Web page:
And I should have, of course. But you never do so when you proclaim the Bible as the “word of God.” You expect everyone to accept the idea without second thought, as in “blind faith.”
Well, not everyone is that sheepish.
You see, not everybody believes the Bible is the “word of God.” In fact, the majority probably think the Bible is the “word of superstitious men” who sought to impose their moral code on the world, and who ripped off earlier schools of spirituality and religious thought.
Of course, I don’t mind or care if you choose to believe the Bible was inspired by a supernatural entity that has since remained silent after issuing a book riddled with superstitious babble. But I do mind that you try to impose your belief system on everybody else, and that you have been oppressing people for centuries.
Why do I mention this on the day after the #ParisAttacks? Well, for two reasons. #ISIS is showing the world just how far religious fundamentalists can go in imposing their religious beliefs on people. And there is no doubt that many Christians have done the same and would continue to do so if they could get away with it.
Second, “gospel artist Kirk Franklin is in hot water with some members of the Christian community after apologising to lesbian, gay, bisexual and transgender (LGBT) people for homophobia prevalent in the black church,” the International Business Times and others are reporting.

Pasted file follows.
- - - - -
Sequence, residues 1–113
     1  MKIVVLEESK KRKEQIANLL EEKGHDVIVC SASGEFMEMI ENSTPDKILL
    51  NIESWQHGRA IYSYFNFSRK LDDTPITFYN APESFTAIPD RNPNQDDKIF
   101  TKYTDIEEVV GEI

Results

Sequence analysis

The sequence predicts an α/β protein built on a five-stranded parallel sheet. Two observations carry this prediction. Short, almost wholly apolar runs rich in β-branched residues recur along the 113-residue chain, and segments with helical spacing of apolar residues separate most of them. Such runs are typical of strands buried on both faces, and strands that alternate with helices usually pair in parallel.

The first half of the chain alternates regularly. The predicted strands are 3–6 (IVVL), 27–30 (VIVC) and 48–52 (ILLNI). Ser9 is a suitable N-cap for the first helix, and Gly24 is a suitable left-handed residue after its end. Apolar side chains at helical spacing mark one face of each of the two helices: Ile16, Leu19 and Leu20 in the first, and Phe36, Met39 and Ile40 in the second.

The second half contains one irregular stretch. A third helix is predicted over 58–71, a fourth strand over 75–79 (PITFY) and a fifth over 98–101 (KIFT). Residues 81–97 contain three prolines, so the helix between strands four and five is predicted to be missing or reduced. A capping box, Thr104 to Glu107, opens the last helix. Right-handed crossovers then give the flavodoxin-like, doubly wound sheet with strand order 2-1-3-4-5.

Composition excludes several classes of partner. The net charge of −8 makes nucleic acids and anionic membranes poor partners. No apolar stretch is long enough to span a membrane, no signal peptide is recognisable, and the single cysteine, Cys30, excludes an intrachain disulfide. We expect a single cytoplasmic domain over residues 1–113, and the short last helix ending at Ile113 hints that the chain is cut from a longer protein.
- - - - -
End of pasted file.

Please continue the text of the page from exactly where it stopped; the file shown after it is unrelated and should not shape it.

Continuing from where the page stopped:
He says “God is about grace and love and the Bible is not a book “that’s an attack on gay people,” or a “book written to attack gay people”, the IB Times reports.
But not all Christians agree. Reports the IB Times: “Don’t see how its ever necessary to apologise for reiterating what the word of God says,” one critic wrote.
So, Christians and all other religious people out there seeking to impose your beliefs on everyone else: You may believe that the books you cherish are the “word of God,” but not everyone else does. It is a fact that your books were written down by men. If you want to believe they were inspired by a supernatural entity, that is your right. And it is the right — whether you like it or not — of everyone else to see them as mere books inspired not by gods, but by men.
Now, I could tell you that this message comes straight from God, speaking through me, couldn’t I . . .
(Photo: Painting by Sandro Botticelli, from Wikimedia Commons)
— Jillian Page